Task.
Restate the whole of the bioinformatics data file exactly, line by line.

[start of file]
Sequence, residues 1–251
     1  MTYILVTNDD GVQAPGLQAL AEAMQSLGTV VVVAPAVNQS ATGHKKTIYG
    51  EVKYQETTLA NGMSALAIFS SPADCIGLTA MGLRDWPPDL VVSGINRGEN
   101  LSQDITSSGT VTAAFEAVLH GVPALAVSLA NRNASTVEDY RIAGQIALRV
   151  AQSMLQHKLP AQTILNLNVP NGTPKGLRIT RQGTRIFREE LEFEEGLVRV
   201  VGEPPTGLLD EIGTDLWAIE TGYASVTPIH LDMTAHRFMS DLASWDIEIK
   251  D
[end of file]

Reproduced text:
Sequence, residues 1–251
     1  MTYILVTNDD GVQAPGLQAL AEAMQSLGTV VVVAPAVNQS ATGHKKTIYG
    51  EVKYQETTLA NGMSALAIFS SPADCIGLTA MGLRDWPPDL VVSGINRGEN
   101  LSQDITSSGT VTAAFEAVLH GVPALAVSLA NRNASTVEDY RIAGQIALRV
   151  AQSMLQHKLP AQTILNLNVP NGTPKGLRIT RQGTRIFREE LEFEEGLVRV
   201  VGEPPTGLLD EIGTDLWAIE TGYASVTPIH LDMTAHRFMS DLASWDIEIK
   251  D